What follows below is a reprint and expansion of my comment to a post in the bedbugger.com forums about exterior non-sticky surfaces of tape preventing the vertical motion of foraging bedbugs.
If you don't know much about behaviorism, you can still read this post for its bedbug opinions. I would be happy to know you invested some extra time to read about the science of human behavior. But if you're just visiting the site to read this article, I hope you enjoy the story and its behavioral slant. You don't need to know anything about behaviorism to read through the page.
The first time I caught them a few years ago, I had seen a bedbug insecticide spray in my friend's bedroom. I asked, "Do you have bedbugs?"
He said, "Yes I do," and then I took a nap in his bed.
I didn't own a TV so I wasn't aware of the news coverage on the fresh epidemic. Since I grew up without the blood sucker, I always thought "bedbug" was another name for a dust mite, the bug in the bed that's almost too small the see, that eats shed human skin and makes us allergic. So I slept in his bed. I took some home to my own bedroom. Then I slept in the living room and brought them down there. I ran away to my mother's house and we found them in the guest bedrooms upstairs. Then my brother and his family had them. Then we all got rid of them with the help of some licensed pest control operators.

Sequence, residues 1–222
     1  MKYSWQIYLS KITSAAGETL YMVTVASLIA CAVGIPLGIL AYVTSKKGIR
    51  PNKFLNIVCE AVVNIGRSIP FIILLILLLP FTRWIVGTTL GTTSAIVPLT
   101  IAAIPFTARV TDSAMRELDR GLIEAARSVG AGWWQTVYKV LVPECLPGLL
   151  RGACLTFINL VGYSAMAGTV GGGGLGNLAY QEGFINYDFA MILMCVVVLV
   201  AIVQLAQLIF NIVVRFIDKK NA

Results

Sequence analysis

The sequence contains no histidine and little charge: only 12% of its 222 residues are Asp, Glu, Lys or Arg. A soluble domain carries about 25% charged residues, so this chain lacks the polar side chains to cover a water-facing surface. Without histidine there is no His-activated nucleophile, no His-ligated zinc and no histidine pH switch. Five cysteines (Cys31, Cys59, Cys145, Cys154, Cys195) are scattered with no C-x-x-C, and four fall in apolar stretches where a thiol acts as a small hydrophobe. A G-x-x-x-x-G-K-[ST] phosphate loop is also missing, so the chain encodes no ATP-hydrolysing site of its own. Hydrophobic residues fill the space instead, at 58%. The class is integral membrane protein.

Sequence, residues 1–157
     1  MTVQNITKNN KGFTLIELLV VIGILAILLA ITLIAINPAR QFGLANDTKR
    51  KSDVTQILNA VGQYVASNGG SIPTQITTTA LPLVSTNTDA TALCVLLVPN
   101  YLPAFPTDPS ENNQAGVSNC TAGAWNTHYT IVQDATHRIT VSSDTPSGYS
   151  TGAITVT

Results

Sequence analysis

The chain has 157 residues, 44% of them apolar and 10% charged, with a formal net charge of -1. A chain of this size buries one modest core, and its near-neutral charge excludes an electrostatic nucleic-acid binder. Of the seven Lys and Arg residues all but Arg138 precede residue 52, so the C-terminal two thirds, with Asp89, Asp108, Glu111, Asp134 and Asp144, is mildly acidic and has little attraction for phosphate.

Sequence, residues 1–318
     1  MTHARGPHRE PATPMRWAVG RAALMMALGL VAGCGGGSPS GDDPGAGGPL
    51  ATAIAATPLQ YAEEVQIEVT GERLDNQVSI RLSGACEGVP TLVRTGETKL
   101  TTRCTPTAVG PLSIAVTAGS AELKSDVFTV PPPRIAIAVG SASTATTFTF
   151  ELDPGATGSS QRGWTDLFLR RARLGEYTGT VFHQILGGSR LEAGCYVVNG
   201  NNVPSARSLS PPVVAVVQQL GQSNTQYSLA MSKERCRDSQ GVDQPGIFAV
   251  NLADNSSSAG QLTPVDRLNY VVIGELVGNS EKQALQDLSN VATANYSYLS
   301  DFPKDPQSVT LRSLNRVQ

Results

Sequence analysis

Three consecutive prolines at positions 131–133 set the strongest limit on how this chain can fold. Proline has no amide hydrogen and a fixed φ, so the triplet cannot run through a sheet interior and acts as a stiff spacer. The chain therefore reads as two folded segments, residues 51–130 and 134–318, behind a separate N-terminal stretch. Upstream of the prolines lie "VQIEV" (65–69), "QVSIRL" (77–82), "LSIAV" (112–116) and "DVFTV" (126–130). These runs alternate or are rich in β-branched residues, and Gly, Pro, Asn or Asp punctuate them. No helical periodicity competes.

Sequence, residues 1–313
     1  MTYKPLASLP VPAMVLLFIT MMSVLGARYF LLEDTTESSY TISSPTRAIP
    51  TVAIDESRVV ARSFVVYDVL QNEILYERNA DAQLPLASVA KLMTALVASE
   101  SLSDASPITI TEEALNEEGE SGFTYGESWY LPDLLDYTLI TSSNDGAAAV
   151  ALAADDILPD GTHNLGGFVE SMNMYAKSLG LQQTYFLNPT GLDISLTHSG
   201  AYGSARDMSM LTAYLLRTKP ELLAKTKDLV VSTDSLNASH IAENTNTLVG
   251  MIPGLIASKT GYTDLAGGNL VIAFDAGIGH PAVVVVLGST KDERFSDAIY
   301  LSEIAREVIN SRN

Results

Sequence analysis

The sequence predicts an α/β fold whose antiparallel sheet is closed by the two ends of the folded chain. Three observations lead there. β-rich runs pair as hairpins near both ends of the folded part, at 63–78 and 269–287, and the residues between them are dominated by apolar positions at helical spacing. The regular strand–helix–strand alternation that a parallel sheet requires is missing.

I don't know how, but this winter I got them again. There's been no sign of them in six weeks. I've done some research to relieve my anxiety, so I want to share my findings with visitors to this web log. Hopefully, after reading this article, you can get a good start on some of your own research and learn how to prevent them from entering your home in the first place or how to manage your situation if you do get them.
You can take advantage of my sources, links, and opinions, but don't take my word for granted. Denise Donovan, the leader of the International Bed Bug Resource Authority (IBBRA), told me to look for products and strategies that have been tested by entomologists with live bedbugs. She also said the resurgent threat is so fresh that much of the industry still engages in trial and error approaches to eradicate them from the premises.
As in all nonfiction, any bit of information offered as a "true fact" can somehow be erroneous. Premises held to be true at the beginning of an argument can be false. Illogical arguments based on true premises will invalidate any conclusions that follow. Intended or unintended omissions can render an argument incomplete and ineffectual. Unknown and unreported confounding variables can skew experimental results. Secondary or tertiary sources can misrepresent the findings of the primary sources they rely on to make their assertions. Capital letters after somebody's name may not represent any real legitimate credentials.